PAMM celebrates Juneteenth
PAMM celebrates Juneteenth
MIAMI - The celebration of "Juneteenth" originated on June 19, 1865, when the enslaved people of Texas finally learned about their freedom—two years and six months after President Lincoln's "Emancipation Proclamation." To celebrate, the Perez Art Museum of Miami (PAMM) is collaborating with the National Museum of African American History and Culture (NMAAHC) to host a screening of the films, "Papa Machete," and "H-2 Worker."
A conversation between documentary filmmaker Stephanie Black; writer, musician, and filmmaker Jason Fitzroy Jeffers; Rhea L. Combs, supervisory curator of photography and film and the director of the Earl W. and Amanda Stafford Center for African American Media Arts (CAAMA) at NMAAHC; and Joanne Hyppolite, Ph.D., Museum Curator at NMAAHC will follow the screenings, touching upon questions of identity, colorism, labor, and geography’s impact upon people across the African Diaspora.
“Across the Diaspora, questions of identity, colorism, labor, and geography continue to impact people of African descent. This program offers a lens, from both an historical as well as a contemporary perspective, through which we can view how resistance, persistence, and self-determination have been the key to survival for people of African descent, and the basis for their achievements above and beyond geographical borders and external expectations,” said Michelle Materre, guest curator, Creatively Speaking Film Series on behalf of NMAACH.
“Papa Machete,” produced in 2014 and directed by Jonathan David Kane
Two hundred years ago, the slaves of Haiti defeated Napoleon's armies in the historic revolution of 1791-1804. One of their weapons was the very tool they used to work the land: the machete. Papa Machete explores the esoteric martial art through the practice and life of a farmer named Alfred Avril.The short film documents his proud devotion to his heritage in the face of increased globalization, and his efforts to keep this mysterious art alive.
“H-2 Worker,” made in 1990, directed by Stephanie Black
A controversial expose of the travesty of justice that takes place around the shores of Florida's Lake Okeechobee. There, for six months a year, over 10,000 Caribbean men are brought to hand-harvest sugarcane for American corporations under a temporary "H-2" guest worker visa.
Stephanie Black is a documentary filmmaker whose credits include the award-winning feature documentaries: LIFE AND DEBT (2001) on the impact international organizations such as the IMF, the World Bank, and current globalization policies have on the economies of developing nations such as Jamaica, W.I.; and H-2 WORKER (1990) about the ten thousand Caribbean men brought to Florida each year to harvest sugarcane for American corporations under a temporary "H-2" guest worker visa.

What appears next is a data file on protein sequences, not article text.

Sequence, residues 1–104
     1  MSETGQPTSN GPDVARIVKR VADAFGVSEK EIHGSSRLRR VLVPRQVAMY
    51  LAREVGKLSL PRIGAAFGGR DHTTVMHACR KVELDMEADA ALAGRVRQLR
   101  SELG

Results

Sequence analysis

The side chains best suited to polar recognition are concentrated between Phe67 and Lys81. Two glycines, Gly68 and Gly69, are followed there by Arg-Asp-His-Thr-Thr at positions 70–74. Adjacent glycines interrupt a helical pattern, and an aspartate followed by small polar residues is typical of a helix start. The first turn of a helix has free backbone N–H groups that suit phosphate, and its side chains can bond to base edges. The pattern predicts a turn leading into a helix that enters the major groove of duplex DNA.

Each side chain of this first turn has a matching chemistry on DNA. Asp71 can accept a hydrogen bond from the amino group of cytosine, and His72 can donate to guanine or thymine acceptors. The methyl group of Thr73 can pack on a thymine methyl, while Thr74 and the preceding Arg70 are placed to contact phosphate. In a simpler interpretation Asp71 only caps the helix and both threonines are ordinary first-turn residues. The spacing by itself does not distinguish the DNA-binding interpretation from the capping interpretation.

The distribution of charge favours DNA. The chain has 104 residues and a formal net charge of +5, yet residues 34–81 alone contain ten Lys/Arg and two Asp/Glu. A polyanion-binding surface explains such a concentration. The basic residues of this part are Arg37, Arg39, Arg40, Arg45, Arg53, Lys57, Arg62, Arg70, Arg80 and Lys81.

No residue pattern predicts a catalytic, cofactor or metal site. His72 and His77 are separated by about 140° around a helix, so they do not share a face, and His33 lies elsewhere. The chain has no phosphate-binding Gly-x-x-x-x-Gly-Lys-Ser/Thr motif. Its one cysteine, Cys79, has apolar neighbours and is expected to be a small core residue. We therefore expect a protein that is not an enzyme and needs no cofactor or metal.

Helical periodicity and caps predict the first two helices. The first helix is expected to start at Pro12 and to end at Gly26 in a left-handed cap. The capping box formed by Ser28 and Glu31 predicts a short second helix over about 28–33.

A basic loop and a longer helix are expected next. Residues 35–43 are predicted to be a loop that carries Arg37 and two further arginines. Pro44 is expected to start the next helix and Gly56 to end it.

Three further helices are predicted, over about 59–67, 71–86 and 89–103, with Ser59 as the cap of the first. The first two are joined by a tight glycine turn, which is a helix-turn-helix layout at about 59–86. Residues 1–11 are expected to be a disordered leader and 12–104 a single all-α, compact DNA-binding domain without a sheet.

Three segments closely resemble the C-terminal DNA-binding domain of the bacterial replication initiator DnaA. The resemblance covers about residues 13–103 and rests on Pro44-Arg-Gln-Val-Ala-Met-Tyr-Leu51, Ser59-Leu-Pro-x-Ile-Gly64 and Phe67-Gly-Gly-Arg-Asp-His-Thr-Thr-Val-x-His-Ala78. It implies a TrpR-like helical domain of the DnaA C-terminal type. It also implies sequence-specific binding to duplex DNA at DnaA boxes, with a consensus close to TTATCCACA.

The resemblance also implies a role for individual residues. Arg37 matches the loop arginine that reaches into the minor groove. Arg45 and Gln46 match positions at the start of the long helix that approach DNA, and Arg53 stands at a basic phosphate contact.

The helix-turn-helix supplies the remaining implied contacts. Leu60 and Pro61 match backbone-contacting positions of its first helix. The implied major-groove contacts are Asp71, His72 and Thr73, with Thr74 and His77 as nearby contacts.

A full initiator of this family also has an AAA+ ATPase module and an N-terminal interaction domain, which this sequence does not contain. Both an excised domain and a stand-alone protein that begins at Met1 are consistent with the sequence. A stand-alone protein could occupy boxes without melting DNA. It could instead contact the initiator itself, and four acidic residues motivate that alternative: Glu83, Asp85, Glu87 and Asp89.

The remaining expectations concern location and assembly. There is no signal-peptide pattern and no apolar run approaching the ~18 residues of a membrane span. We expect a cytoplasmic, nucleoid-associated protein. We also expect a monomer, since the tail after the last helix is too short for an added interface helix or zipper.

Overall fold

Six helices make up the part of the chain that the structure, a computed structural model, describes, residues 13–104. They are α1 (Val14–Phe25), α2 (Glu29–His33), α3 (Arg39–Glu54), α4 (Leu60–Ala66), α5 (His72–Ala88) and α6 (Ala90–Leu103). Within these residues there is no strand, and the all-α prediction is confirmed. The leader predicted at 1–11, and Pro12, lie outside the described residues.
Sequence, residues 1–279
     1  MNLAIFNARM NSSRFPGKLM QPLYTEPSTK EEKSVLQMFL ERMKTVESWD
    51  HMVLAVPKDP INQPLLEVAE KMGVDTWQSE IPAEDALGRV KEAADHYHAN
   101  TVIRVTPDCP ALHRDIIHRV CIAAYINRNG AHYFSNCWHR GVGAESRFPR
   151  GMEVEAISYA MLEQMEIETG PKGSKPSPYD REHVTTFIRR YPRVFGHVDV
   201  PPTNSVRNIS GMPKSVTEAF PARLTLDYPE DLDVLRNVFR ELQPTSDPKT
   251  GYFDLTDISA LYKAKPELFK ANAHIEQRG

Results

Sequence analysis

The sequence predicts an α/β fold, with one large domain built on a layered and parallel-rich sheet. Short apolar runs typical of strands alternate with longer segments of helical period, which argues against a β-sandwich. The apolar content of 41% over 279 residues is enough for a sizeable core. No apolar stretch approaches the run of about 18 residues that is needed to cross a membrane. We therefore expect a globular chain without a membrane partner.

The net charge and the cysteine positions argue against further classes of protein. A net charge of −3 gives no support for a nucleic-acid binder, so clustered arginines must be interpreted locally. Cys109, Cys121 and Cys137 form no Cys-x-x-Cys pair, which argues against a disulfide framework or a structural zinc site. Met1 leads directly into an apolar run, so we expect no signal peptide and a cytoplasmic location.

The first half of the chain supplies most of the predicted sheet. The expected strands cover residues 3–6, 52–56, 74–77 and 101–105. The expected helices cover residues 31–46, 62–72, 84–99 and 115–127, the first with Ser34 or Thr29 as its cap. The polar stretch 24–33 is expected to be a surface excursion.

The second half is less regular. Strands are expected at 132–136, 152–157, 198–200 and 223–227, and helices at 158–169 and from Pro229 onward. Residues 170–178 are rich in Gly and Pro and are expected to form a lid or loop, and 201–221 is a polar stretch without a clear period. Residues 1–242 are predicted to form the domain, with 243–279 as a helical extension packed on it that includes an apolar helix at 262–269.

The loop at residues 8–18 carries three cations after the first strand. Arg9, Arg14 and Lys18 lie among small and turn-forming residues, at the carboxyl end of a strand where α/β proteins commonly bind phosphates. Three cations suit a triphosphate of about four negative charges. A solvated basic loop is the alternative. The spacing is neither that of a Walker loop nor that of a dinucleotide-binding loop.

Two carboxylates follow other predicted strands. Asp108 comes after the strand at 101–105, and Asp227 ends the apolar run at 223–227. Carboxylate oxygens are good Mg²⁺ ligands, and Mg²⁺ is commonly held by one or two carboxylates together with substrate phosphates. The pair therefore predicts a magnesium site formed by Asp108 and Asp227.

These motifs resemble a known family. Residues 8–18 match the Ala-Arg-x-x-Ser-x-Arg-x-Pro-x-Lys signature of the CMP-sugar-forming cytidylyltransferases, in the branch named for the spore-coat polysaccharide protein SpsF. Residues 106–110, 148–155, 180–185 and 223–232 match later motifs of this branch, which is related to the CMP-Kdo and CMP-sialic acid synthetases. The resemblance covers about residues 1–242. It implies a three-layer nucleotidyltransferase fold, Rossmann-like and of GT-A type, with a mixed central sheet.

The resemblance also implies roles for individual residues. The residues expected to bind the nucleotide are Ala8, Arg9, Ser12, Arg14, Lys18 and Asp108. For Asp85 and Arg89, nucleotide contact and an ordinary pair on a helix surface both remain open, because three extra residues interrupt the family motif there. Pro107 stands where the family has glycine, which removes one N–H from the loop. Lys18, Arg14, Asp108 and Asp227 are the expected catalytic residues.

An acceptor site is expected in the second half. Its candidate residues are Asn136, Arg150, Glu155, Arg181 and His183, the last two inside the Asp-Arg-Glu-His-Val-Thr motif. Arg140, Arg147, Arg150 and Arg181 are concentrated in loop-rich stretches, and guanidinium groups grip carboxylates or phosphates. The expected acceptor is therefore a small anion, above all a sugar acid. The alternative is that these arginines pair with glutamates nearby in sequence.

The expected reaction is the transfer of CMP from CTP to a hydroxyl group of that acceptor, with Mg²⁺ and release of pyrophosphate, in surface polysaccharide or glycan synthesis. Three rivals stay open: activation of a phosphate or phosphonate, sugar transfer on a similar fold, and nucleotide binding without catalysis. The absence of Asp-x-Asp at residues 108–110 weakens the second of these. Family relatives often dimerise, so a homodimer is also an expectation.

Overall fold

Jason Fitzroy Jeffers is a writer, musician, and filmmaker from Barbados who is based in Miami. Since 2001, Fitzroy Jeffers has written about everything from crime and politics to arts and entertainment for many of South Florida's major publications including The Miami Herald and Ocean Drive. In 2013, he assembled a crew of filmmakers to travel to Haiti to document one of the few remaining practitioners of the esoteric revolutionary martial art of Haitian machete fencing.
Michelle Materre, guest curator for NMAAHC, is the founder, host, and producer of the critically-acclaimed Creatively Speaking Film Series. Creatively Speaking has been a premiere forum for presenting works by and about women and people of color for twenty-two years. Materre's professional background spans more than thirty years' experience as film producer, writer, arts administrator, distribution/marketing specialist, film programmer, and college professor.
Rhea L. Combs holds a PhD in American Studies with a concentration in Film History and African American Studies from Emory University; an MA from Cornell University; and a BA from Howard University and is supervisory curator of photography and film and the director of the Earl W. and Amanda Stafford Center for African American Media Arts (CAAMA) at the Smithsonian’s National Museum of African American History and Culture (NMAAHC). Combs’ exhibitions and projects at NMAAHC include, Watching Oprah: The Oprah Winfrey Show and American Culture; Represent: Hip Hop Photography, Everyday Beauty: Images from the permanent Photography and Film Collection; Through the African American Lens: Selections from the Permanent Collection of NMAAHC and Rising Up: Hale Woodruff’s Murals at Talladega College.
Joanne Hyppolite, Ph.D. is a Museum Curator at the National Museum of African American History and Culture (NMAAHC) with interests and expertise in African American and Afro-Caribbean diaspora material and expressive culture and black immigrant American communities. She is the curator of the Cultural Expressions inaugural exhibition and co-curator of A Century in the Making: Building the National Museum of African American History and Culture inaugural exhibit for the NMAAHC.
PAMM is located at 1103 Biscayne Blvd., Miami. Admission is $16 for adults, $12 for students/seniors. PAMM members free. For more information, visit pamm.org.